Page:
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Black Adam’s Unanswered Question

This isn’t a review of Black Adam. For my money it was a decent enough superhero yarn. There were plenty of colorful characters beating the crap out of each other to hold my interest. I’ll note that it’s been on HBO Max for about a month and I still haven’t taken the time to give it a second viewing, so take from that what you will.

No, what I want to write about today is a question the film asks in the first act but then proceeds to forget altogether.

The setup is simple. The once-great nation of Kahndaq has fallen into penury under a steady stream of invaders and conquerors. The latest occupier is Intergang, an army of high-tech mercenaries. As they plunder what’s left of the country’s resources, they release Black Adam from his five thousand year long imprisonment. He is the legendary Champion of Kahndaq ™, with the powers of Shazam, and an old testament mindset. Demonstrating the lack of restraint that led the Council of Wizards to incarcerate him in the first place, he proceeds to murder the ever-loving crap out of the goons. This upsets the status quo and prompts Amanda Waller to send in the Justice Society to kill or capture Black Adam because, well, if anyone’s going to commit atrocities it’s her.

Don’t ask me why Dr. Fate would work for Amanda Waller. Just go with it.

After the Justice Society arrives they make contact with some locals who ask the question that has fascinated me for the past few weeks. To paraphrase: “Who the hell are you guys to come in here and take away the first hope we’ve had in, like, forever? Where were you guys when Intergang took over our country? For that matter, where the hell was the Justice League?”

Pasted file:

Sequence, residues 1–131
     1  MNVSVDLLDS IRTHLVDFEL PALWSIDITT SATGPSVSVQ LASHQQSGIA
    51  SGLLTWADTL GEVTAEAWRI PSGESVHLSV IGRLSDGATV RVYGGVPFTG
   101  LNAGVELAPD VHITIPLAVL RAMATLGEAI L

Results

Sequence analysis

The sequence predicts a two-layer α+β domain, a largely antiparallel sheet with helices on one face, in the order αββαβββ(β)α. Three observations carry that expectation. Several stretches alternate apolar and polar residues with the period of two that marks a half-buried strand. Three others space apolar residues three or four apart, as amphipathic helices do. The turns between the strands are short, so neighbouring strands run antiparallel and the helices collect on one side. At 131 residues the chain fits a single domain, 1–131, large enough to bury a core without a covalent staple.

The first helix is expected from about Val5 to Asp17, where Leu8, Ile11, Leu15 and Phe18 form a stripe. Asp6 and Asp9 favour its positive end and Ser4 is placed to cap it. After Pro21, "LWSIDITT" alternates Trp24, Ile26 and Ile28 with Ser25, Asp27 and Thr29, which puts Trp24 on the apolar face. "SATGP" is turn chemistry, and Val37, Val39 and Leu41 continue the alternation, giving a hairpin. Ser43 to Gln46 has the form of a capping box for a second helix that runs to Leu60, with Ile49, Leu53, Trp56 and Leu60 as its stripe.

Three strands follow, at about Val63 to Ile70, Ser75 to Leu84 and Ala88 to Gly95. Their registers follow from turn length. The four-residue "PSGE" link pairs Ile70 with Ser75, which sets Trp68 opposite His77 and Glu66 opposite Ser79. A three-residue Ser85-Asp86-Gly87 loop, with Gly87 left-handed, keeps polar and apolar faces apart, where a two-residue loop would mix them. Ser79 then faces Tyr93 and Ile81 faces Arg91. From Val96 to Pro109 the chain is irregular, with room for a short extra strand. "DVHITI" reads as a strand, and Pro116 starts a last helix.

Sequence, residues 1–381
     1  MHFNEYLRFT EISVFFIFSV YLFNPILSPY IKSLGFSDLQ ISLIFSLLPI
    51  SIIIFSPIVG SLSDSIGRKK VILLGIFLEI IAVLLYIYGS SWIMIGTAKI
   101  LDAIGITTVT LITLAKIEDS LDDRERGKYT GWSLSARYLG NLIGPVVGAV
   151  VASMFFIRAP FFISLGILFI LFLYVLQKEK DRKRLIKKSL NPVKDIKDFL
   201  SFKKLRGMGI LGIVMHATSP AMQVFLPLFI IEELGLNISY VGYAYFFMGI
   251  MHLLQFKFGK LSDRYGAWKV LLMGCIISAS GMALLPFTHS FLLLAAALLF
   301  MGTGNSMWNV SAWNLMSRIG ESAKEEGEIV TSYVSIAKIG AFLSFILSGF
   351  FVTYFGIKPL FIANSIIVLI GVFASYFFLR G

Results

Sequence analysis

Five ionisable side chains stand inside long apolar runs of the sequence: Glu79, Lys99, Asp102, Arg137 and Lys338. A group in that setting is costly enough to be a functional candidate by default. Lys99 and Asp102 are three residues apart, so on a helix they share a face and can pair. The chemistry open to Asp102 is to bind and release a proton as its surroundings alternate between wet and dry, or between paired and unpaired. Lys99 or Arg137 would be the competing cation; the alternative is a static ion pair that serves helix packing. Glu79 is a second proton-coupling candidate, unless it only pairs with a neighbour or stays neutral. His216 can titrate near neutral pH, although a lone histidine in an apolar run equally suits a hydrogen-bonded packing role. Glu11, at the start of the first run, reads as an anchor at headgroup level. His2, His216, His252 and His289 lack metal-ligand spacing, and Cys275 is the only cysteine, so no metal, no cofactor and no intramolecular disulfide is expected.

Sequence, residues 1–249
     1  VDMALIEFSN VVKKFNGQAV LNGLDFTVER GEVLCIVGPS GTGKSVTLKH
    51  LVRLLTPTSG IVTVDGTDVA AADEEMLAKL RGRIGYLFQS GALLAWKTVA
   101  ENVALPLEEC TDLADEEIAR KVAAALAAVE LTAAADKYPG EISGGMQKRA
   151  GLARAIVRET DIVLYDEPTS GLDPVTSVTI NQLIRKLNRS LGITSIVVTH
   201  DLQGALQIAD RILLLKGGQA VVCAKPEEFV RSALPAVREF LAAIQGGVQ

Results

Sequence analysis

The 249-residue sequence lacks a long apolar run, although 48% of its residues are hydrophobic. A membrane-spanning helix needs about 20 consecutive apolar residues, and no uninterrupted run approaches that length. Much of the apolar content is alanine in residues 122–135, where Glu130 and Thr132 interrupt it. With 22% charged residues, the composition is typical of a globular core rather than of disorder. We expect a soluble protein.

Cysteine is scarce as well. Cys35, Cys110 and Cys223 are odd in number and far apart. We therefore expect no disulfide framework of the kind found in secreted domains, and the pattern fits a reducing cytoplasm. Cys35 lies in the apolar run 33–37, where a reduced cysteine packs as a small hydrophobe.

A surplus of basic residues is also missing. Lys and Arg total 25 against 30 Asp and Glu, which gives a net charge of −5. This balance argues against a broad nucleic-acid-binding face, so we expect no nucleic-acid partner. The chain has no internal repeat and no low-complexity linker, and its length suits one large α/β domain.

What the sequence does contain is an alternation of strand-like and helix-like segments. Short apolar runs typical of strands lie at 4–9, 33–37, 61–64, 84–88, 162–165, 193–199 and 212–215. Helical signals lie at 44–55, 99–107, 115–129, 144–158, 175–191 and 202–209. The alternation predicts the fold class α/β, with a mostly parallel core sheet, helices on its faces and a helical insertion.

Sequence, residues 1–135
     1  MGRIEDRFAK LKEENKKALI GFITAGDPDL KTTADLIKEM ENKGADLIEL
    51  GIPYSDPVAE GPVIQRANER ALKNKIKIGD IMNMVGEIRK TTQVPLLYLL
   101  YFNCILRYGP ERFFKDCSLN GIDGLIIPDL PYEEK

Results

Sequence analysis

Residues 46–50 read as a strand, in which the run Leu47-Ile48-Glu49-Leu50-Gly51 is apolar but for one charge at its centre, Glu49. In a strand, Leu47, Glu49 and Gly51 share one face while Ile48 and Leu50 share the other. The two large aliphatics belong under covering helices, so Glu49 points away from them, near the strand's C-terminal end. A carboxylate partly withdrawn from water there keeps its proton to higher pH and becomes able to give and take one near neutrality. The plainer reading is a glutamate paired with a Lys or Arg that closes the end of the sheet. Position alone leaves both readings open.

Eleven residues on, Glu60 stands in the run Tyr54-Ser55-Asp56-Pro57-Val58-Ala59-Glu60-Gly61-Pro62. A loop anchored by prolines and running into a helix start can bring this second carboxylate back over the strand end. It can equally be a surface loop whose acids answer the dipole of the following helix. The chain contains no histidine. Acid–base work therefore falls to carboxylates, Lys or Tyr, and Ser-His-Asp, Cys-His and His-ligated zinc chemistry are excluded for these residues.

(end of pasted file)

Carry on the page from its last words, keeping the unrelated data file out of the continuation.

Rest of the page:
I mean, they’re not wrong. They’re the victims of a great injustice, and the Society literally has “Justice” in its name. Shouldn’t they have done something? The problem is there’s no simple answer. Or rather, there is one, but it’s not satisfying in the context of a superhero story.

Wait. Didn’t the Suicide Squad already do this?

To answer the question, we need to examine whether a team of superheroes would even have the juice to send Intergang packing. Of course, this depends on which team we’re talking about. The Justice Society in the movie—Hawkman, Atom Smasher, Cyclone and Dr. Fate—is pretty small. In fact, the team seems designed for the sole purpose of taking down Black Adam. We need to invade and pacify a nation, so let’s drop them from consideration. The Justice League packs more of a punch anyway. For sake of argument, let’s use the original line-up from The Brave and the Bold #28. That gives us Superman, Batman, Wonder Woman, Flash, Green Lantern, Aquaman and Martian Manhunter. This team has a solid mix of heavy hitters, hard targets and special operations types that we’ll need to pull this off.

Now, let’s consider the target. I couldn’t find any data specifying Kahndaq’s geographical size or population in the DC wiki, but we know it’s loosely based on Egypt. With a population of almost one hundred million, it has 685,000 troops defending almost four hundred thousand square miles. Right off, we can see that this seems a bit much for seven people, even people such as the JLA. Even if the army collapses after taking 20% losses, that’s 120,000+ corpses to bury. Black Adam might have the belly for that sort of slaughter, but he’s not a hero. The members of the JLA are. It’s inconceivable that they would do this.

Trust me, Kahndaq doesn’t look like this at the end of the movie